Sunday, 31 May 2009

Munchausen syndrome

The department of Veterinary Clinical Studies from the University of Edinburgh published a series of papers a few years ago and in one of them it describes a study of veterinarians’ experiences of encountering non-accidental injury in dogs and cats. Sexual abuse is reported but also cases of suspected Munchausen syndrome by proxy (MSBP), involving pets as proxies, were identified among 448 cases of non-accidental injury to small animals. These cases, recorded by a random sample of small animal practitioners in the UK, demonstrated several combinations of features, including attention-seeking behaviour by the owner, real and apparently factitious clinical signs, deliberate injury, markedly abnormal biochemical profiles, serial incidents, interference with surgical sites, recovery after separation from the owner, and 'veterinarian-shopping' by the owner. All of these features are consistent with those identified in the well documented MSBP in which children are the victims. One of the cases involved serial attempts at poisoning other animals and a child. Sudden death and unusual illnesses in pets are recorded in this study.
In Munchausen syndrome, a child is the usual proxy characterised by falsification of illness usually, but not invariably, by the mother in order to mislead the physician into believing that the child is ill. The usual motive is to gain sympathy and attention.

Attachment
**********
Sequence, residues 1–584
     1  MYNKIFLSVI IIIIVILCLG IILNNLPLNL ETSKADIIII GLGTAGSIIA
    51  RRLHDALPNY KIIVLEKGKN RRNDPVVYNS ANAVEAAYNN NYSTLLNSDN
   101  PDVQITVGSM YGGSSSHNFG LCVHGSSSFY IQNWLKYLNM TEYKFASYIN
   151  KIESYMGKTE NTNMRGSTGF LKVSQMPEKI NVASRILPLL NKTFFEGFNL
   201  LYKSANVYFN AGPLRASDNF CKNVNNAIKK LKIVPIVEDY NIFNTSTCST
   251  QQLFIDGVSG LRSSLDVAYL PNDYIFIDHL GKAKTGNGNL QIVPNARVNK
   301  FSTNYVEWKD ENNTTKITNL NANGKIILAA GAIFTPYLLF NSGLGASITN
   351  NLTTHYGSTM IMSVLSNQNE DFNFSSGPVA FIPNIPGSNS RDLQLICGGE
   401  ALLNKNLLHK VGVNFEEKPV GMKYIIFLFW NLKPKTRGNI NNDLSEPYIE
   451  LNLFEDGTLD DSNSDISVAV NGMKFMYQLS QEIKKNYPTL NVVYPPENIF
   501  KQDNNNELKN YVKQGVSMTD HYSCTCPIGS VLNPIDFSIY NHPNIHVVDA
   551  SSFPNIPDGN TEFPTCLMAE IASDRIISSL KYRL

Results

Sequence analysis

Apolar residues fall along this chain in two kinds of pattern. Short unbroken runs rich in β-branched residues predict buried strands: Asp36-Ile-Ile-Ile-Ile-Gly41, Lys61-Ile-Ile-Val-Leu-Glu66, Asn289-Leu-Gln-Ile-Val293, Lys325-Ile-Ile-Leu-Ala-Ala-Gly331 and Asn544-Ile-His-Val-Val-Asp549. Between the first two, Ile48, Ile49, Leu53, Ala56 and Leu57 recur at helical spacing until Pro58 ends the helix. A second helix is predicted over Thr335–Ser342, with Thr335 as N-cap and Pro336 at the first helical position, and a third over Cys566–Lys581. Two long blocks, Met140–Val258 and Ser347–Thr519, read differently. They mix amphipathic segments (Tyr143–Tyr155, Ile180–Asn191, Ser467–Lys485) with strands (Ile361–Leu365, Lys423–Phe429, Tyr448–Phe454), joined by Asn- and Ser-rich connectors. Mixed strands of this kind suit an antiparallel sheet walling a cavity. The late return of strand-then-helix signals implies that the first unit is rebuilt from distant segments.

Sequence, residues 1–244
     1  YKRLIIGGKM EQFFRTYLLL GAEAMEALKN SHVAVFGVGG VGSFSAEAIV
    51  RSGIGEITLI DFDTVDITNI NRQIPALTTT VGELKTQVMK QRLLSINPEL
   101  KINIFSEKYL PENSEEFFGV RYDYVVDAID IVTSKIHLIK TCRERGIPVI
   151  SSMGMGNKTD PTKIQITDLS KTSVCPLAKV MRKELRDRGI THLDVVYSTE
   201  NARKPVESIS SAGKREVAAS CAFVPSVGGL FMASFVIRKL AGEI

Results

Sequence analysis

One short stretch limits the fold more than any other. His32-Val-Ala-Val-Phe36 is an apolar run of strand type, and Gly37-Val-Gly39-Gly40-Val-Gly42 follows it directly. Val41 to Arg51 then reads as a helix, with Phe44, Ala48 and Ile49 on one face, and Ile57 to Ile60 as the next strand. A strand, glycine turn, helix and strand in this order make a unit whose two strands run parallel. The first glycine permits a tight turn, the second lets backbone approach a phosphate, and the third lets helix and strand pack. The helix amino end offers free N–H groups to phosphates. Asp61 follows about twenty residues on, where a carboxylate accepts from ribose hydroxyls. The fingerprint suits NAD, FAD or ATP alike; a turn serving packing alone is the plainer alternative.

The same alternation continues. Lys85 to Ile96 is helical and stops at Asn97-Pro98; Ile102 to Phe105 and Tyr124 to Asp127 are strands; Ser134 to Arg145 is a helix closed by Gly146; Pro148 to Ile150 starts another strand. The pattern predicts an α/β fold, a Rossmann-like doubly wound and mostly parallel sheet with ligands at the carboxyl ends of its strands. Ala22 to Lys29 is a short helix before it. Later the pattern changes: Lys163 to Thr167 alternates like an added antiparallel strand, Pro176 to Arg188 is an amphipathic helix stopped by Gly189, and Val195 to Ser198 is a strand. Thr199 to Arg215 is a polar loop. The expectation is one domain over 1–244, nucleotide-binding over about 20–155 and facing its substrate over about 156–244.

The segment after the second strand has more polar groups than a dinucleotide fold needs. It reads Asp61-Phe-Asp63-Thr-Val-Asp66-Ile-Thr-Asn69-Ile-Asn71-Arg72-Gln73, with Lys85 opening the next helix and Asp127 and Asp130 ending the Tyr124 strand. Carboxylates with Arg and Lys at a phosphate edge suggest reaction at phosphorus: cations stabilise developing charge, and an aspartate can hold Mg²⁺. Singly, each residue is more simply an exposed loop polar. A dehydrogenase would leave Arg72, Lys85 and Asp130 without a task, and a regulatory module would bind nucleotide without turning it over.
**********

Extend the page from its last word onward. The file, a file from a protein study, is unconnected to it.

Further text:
The syndrome was named after the 18th century mercenary, Baron von Munchhausen, who was compelled to tell the most incredible lies about his adventures, and who became increasingly addicted to the attention and adulation he received.

4 comments: said...

Cool blog!!!

jmb said...

Isn't it amazing that people will use their pets in this way. Or their children for that matter.

Sheila said...

I have a friend who shows all symptoms of having her dog sick. I don't know what to do about it as it would be impossible to prove. It's so upsetting to see this darling little dog in this situation.

Eurodog said...

Hello Sheila,
Yes I know it is very difficult to intervene. I knew a person like that who made her healthy dog sick. She could not see what she was doing and in fact I realised she was mentally not very stable.